iPhone 11: Boom or Bust?



After months of rumors, speculation, and leaks, Apple revealed its iPhone 11 lineup in its Keynote event in Cupertino, California. Released on September 20, the device received mixed reviews from critics, some praising the phone for its speed and extra cameras, while others ridiculing the device for its incremental nature and extra cameras. So, the question remains, does the new phone warrant its hefty $700 price tag?

As the newest phone in Apple’s popular iPhone lineup, the iPhone 11, 11 Pro, and 11 Pro Max promise to deliver a better display and improved facial recognition. However, Apple’s major selling point for the iPhone 11 lineup is the upgraded camera setup on each phone. With the iPhone 11 and iPhone 11 Max sporting two and three cameras respectively, Apple promises greater HDR, depth-of-field, and color accuracy. In real world use, many reviews have described that the cameras have significantly improved from last year. As internet-famous YouTuber Marques Brownlee said in his video, iPhone 11 Pro Review: For the Love of Cameras!, “The iPhone 11’s cameras are a big improvement over the 10S. In broad daylight, I’d go as far as saying this has been an A plus camera, often taking the best, sharpest, and cleanest photos I’ve seen a smartphone take. Colors are great, are realistic… dynamic range is excellent… which helps it of course in tougher shooting scenarios where it’s improved a lot over the 10S.” The array of cameras allow for the iPhone to take higher quality photos as compared to the iPhone 10, 10R, and 10S.

In addition, with the phone’s new A13 bionic processor and 4GB of RAM, the phone has, by many accounts, outperformed previous generation phones. Although these specs RAM don’t sound like a lot compared to its Android competitors (mainly the Google Pixel 4 and Samsung Galaxy S10), the A13’s two high performance, AI driven Lightning cores paired with four graphics cores built in promise to deliver greater performance. In performance and benchmarks, the iPhone 11, 11 Pro, and 11 Pro Max all perform between 20 and 30 percent better compared to the XR, XS, and XS Max respectively, and have seen a 15 and 20 percent increase in efficiency as well. Many cite this performance upgrade as another reason to upgrade.

However, some question whether the phone is a significant enough upgrade to justify spending another $700 on a brand new phone. Although the phone has seen improvements to its camera and processing power, most reviewers say that the device remains as lackluster and uninnovative as the XS or even the X. The device has kept the same design as the iPhone 10, bar the new camera “hump,” which has undergone a squareification if you will. The screen also hasn’t seen improvement over the past year, as the iPhone 11, 11 Pro, and 11 Max all have almost identical displays to last year’s counterparts.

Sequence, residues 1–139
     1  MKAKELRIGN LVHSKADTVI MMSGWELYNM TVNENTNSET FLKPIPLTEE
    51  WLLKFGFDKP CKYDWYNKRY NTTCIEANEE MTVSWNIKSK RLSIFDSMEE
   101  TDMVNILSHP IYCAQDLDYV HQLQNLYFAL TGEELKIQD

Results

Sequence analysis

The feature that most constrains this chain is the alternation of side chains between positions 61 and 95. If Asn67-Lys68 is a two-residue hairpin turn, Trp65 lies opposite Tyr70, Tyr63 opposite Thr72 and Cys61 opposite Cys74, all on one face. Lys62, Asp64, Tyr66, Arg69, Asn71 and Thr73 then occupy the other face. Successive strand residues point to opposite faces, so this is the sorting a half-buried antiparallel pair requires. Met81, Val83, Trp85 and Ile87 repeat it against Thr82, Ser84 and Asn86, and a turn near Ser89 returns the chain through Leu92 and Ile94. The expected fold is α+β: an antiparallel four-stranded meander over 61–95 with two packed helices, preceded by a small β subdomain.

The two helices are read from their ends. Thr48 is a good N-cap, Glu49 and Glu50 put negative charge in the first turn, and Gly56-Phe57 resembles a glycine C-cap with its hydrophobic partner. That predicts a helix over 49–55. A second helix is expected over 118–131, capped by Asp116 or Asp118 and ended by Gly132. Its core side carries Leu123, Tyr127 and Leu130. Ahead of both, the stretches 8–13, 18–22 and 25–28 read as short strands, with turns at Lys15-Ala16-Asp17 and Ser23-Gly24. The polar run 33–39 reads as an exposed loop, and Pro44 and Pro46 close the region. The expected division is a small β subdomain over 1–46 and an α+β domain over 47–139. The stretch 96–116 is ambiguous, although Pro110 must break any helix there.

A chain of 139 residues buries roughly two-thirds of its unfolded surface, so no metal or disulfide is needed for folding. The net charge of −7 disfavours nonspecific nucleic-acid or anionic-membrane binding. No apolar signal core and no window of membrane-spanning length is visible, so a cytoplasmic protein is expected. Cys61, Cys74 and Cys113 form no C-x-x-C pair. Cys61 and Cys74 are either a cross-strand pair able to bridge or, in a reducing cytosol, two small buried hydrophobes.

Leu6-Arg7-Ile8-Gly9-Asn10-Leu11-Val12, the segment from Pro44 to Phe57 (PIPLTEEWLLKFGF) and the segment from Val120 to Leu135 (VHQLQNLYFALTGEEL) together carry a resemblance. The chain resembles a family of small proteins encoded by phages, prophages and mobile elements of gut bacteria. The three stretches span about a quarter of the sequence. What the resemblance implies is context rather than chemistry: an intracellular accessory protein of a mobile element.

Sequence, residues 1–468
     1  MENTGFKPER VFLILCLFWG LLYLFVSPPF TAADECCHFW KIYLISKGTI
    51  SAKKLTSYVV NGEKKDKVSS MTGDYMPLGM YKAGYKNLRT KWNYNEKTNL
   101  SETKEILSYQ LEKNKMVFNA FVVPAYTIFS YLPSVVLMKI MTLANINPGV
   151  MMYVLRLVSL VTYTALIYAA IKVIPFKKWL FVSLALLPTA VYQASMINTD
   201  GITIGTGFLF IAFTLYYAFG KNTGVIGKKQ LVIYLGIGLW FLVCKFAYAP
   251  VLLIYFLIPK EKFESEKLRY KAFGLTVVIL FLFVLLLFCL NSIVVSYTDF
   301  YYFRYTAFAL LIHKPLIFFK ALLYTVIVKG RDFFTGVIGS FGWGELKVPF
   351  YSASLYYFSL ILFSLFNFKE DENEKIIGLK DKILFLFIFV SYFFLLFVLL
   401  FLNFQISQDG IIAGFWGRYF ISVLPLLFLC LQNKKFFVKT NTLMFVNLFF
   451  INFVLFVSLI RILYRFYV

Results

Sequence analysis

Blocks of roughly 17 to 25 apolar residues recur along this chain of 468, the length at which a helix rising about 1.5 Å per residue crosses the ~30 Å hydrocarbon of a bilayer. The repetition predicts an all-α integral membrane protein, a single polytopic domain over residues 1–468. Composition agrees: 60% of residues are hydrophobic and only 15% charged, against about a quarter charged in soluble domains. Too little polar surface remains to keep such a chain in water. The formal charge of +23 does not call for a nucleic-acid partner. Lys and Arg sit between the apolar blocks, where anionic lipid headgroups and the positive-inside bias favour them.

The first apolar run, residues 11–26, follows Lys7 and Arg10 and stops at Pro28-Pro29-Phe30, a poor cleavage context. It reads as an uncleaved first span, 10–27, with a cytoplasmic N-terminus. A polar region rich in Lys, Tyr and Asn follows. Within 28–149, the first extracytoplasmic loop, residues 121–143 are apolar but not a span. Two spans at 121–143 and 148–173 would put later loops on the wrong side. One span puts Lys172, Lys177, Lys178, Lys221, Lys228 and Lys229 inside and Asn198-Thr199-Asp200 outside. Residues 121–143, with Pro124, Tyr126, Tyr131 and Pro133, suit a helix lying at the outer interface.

Of the many cons of the iPhone 11, a major flaw is its screen. Similar to last year’s iPhone XR, it has a 750p “Liquid Retina” display. Although the display itself is not a bad product (with decent colors and  contrast) it fails in comparison to other phones in this price range. For example, the Samsung Galaxy S10e, a similarly priced phone, sports a 1080p resolution with a pixel density of 468 pixels per inch. In comparison to the iPhone 11’s 750p 326ppi, the competition’s display has much better colors and sharpness.

In addition, new updates to older iPhones are making old phones faster, with some users experiencing their phone being faster than on their launch dates. This increase in speed often negates much of the reason to upgrade to the latest flagship phone from Apple. Updates before iOS 10 often slowed the phone down in order to preserve battery life and prevent overheating, as stated by Apple. Although there may have been some truth in this statement, public reaction to this reasoning was negative. Many people assumed that Apple deliberately slowed down phones in order to get customers to purchase a phone that was still relatively new. Due to this backlash, Apple has stopped slowing down phones and instead has now started to optimize newer versions of iOS to their predecessors. For example, iOS 12 brought lightning fast updates to phones all the way back to the iPhone 6, whipping them back up to daily-driver status. These newer updates often dissuade people from buying a new phone.

Furthermore, Apple has addressed the issue of battery life decline, a common reason for upgrading to a new phone. As per their current policy, Apple allows iPhones under warranty and AppleCare+ to reinstall a new battery for free. However, if your phone has left its warranty period, you can still change the battery for a reasonable $49. Many users who have had their batteries replaced report that their phone can last for days rather than hours. Now, given the rising capabilities of older iPhones, the improvement of battery life, and the near static display, does it make sense to upgrade the latest iPhone?The decision to upgrade to a new iPhone largely depends on the type of user. If you currently have a phone older than the iPhone 8, the decision to upgrade makes sense. The refreshed design language of the X and 11 series iPhones would compel many to upgrade. In addition, if you need better camera quality every year, then the iPhone 11 Pro, with its three cameras, would be a sensible choice. However, given that most iPhone users have an X or XS lineup iPhone, the upgrade seems too incremental to make another $700 purchase worth it.